Despite the critical success enjoyed by the Gaiety, during the years leading up to the war the theatre began to suffer from financial problems. Miss Horniman had always stressed that the theatre would have to pay its own way, and that if the people of Manchester wished to keep their repertory theatre they would have to support it by patronising it frequently. Audience numbers began to drop, however, and 1913 marked the end of an era, with the resignation of Lewis Casson (Payne's replacement) after a disagreement with Miss Horniman over his financially disastrous production of Julius Caesar. The Gaiety continued to stage plays during the war years, but in 1917 Miss Horniman was forced to disband the permanent company, and the theatre became a lodging house for visiting companies. Although she had hopes of reviving the permanent company after the war, Miss Horniman found that her financial situation made this impossible and she was forced, reluctantly, to put the Gaiety up for sale. Despite various attempts to save the theatre, too few people were prepared to provide financial support, and in 1921 the Gaiety was finally sold to a cinema company. This led to extensive analysis and debate, and blame for the company's failure was attributed to various factors, including the type of drama produced there, and general public apathy; Miss Horniman was accused by some of simply being bored with her project.
Whilst the Gaiety Company was still in existence, Miss Horniman had frequently stressed that she would be interested in setting up a repertory theatre in London if she could find a financial backer. After the sale of the Gaiety, however, she never again became actively involved in the theatre, although she remained a frequent and enthusiastic theatregoer. She moved full-time to London, where she had kept up her flat in Portman Square, acquired on first leaving the family home. She had a wide circle of friends and correspondents, and many interests, including travel and contemporary politics. She received national recognition in 1933 when she was made a Companion of Honour. She died in her sleep at Shere in Surrey on 6 August 1937.
She could be outspoken, obstinate and stubborn, often refusing to compromise or accept half measures, but Annie Horniman showed great loyalty and endless generosity both in her personal life - she was always ready to offer financial help to her friends - and in her professional life, funding worthwhile theatrical ventures and launching the careers of many famous figures in the world of drama. She worked hard to achieve her ideals, and her work had a great influence on British theatre, initiating the repertory movement in this country as we know it today: 'critics and historians have credited her as being one of the most important forces in the shaping of the 20th century theatre in England.' (James W. Flannery, Miss Annie F. Horniman and the Abbey Theatre, 1970, p. 34). Many of the letters held in this collection stand as a testimony to this.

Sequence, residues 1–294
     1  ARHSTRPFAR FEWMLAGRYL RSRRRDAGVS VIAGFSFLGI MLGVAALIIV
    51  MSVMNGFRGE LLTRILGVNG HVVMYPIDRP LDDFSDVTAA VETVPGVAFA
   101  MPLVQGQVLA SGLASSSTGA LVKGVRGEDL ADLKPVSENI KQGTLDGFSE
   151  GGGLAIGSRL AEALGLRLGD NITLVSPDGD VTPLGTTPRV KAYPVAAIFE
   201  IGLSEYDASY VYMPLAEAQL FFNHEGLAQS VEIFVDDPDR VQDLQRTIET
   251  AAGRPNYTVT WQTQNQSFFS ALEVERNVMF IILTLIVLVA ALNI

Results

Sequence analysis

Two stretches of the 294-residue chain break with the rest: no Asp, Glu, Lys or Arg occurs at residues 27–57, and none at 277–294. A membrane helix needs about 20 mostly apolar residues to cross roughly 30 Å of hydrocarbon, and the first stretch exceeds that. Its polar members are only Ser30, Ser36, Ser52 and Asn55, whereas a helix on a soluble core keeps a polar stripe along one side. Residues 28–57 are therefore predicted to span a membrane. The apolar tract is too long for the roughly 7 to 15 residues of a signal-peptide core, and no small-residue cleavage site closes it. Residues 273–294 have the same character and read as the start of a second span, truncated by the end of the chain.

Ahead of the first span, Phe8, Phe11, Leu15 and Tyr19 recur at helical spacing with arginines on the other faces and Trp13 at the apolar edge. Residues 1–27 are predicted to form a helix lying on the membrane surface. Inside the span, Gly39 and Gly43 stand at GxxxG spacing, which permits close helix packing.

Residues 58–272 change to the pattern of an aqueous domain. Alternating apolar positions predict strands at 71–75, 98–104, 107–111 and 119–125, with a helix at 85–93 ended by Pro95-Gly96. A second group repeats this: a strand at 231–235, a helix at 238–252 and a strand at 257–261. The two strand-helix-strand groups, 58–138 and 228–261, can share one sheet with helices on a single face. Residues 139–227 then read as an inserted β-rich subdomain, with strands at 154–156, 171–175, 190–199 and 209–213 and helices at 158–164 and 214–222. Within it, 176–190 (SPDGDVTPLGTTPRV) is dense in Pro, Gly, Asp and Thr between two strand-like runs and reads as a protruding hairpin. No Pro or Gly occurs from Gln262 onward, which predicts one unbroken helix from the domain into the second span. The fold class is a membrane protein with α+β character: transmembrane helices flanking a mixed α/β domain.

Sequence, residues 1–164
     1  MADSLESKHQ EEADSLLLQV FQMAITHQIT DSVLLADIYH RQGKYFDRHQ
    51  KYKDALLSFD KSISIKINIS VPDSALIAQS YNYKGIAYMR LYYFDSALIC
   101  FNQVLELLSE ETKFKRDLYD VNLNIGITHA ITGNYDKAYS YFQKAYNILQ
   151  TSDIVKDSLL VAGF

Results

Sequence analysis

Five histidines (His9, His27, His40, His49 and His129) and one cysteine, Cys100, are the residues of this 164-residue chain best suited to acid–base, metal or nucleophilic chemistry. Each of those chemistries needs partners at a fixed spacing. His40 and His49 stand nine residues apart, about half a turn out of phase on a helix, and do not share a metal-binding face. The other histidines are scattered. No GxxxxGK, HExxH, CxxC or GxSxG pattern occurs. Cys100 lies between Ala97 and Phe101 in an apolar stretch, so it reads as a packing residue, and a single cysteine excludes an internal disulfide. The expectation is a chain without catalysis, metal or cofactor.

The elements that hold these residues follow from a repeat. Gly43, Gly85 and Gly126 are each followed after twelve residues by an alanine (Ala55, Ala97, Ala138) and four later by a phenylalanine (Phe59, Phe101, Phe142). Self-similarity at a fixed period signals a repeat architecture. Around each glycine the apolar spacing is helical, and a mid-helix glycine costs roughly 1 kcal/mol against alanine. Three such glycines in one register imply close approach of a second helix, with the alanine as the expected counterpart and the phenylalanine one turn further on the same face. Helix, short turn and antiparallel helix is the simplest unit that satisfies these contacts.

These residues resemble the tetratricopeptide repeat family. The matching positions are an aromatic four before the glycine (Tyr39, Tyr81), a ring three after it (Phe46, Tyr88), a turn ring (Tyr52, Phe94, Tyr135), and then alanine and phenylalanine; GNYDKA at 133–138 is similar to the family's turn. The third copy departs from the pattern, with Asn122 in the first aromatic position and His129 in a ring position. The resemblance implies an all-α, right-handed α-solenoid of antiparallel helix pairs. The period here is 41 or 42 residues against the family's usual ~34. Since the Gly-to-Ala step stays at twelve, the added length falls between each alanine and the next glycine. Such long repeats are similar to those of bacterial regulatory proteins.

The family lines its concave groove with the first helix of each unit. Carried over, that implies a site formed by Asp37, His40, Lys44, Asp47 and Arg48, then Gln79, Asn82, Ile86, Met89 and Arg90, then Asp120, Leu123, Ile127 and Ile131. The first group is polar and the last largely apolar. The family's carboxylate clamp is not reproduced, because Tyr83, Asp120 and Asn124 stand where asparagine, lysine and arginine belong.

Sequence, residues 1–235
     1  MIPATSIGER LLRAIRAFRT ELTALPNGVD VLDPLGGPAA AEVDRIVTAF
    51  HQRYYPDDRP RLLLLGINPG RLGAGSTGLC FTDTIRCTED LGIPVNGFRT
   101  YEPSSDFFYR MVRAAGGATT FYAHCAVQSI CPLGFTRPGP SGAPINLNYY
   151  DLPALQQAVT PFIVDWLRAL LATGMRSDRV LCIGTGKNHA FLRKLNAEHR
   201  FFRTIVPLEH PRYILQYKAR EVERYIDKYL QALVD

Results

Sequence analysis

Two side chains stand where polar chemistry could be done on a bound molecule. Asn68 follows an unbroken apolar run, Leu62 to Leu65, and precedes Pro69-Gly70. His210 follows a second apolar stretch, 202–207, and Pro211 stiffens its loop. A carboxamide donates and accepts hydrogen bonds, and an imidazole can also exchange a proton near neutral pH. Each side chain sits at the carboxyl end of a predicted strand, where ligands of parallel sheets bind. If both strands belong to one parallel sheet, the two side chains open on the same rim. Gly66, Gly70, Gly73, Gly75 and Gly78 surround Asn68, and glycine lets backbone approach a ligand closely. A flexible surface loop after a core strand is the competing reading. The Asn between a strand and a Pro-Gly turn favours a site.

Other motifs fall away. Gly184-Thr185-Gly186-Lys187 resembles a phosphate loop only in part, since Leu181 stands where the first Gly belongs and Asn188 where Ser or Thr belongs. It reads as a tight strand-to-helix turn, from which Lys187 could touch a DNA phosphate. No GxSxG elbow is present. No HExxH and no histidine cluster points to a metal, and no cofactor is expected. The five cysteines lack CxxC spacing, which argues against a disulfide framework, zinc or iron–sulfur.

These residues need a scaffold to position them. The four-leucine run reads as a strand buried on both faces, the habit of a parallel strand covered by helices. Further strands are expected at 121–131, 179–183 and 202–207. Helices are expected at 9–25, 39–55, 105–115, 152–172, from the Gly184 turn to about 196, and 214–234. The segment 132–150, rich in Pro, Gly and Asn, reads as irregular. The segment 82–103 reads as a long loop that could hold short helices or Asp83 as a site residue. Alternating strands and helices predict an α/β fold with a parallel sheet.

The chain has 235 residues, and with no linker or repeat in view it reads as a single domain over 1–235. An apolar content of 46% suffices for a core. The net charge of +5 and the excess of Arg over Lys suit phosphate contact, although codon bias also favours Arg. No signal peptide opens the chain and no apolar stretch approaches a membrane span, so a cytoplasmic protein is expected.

The material has been arranged into four subgroups reflecting the four discrete collections of varied provenance which constitute the Annie Horniman papers. The groupings are as follows:
- /1 Abbey Theatre press cuttings books
- /2 Gaiety Theatre press cuttings books
- /3 Gaiety Theatre programmes
- /4 Marjorie Garrod collection
Annie Horniman is referred to as AEFH throughout the catalogue.
Conditions Governing Access
The collection is open to any accredited reader.
Other Finding Aids
Both series of press cuttings books were compiled by Annie Horniman herself and remained in her possession until she donated them to the John Rylands Library: 10 volumes relating to the Abbey Theatre were accessioned in 1918 and 17 volumes relating to the Gaiety Theatre came to the Library in 1921. The collection of Gaiety Theatre programmes was donated to the Library by Mr J. Peacock in 1934; and the Marjorie Garrod collection of Horniman material passed from Marjorie to her daughter, Elizabeth Cade, who sold it to the Library in 1984. More detailed information on the custodial history of each collection is given under the relevant subgroup heading.
The material held in the collection was used as source material by Rex Pogson for his book, Miss Horniman and the Gaiety Theatre, Manchester (London: Rockliff, 1952), and by Sheila Gooddie in writing Annie Horniman: a pioneer in the theatre (London: Methuen, 1990).
Fay, Gerard, The Abbey Theatre: cradle of genius (London: Hollis and Carter, 1958).
Flannery, James W., Miss Annie F. Horniman and the Abbey Theatre, Irish Theatre Series 3 (Dublin: the Dolmen Press, 1970).
Gooddie, Sheila, Annie Horniman: a pioneer in the theatre (London: Methuen, 1990).
Hunt, Hugh, The Abbey: Ireland's national theatre (Dublin: Gill and Macmillan, 1979).
Mikhail, E.H. (ed.), The Abbey Theatre: interviews and recollections (Basingstoke: Macmillan, 1988).
Pogson, Rex, Miss Horniman and the Gaiety Theatre, Manchester (London: Rockliff, 1952).
Robinson, Lennox, Ireland's Abbey Theatre: a history 1899-1951 (London: Sidgwick and Jackson, 1951).
Saddlemyer, Ann (ed.), Theatre Business: the correspondence of the first Abbey Theatre directors (Gerrards Cross: Colin Smythe, 1982).
Material from this collection formed the basis of the exhibition, 'Annie Horniman and the Gaiety Theatre', held at the John Rylands University Library, Deansgate, 9 May-23 July 1994. It was supplemented by material from the Basil Dean collection also held at this Library and by some items from the Stanley Houghton collection housed at Salford University.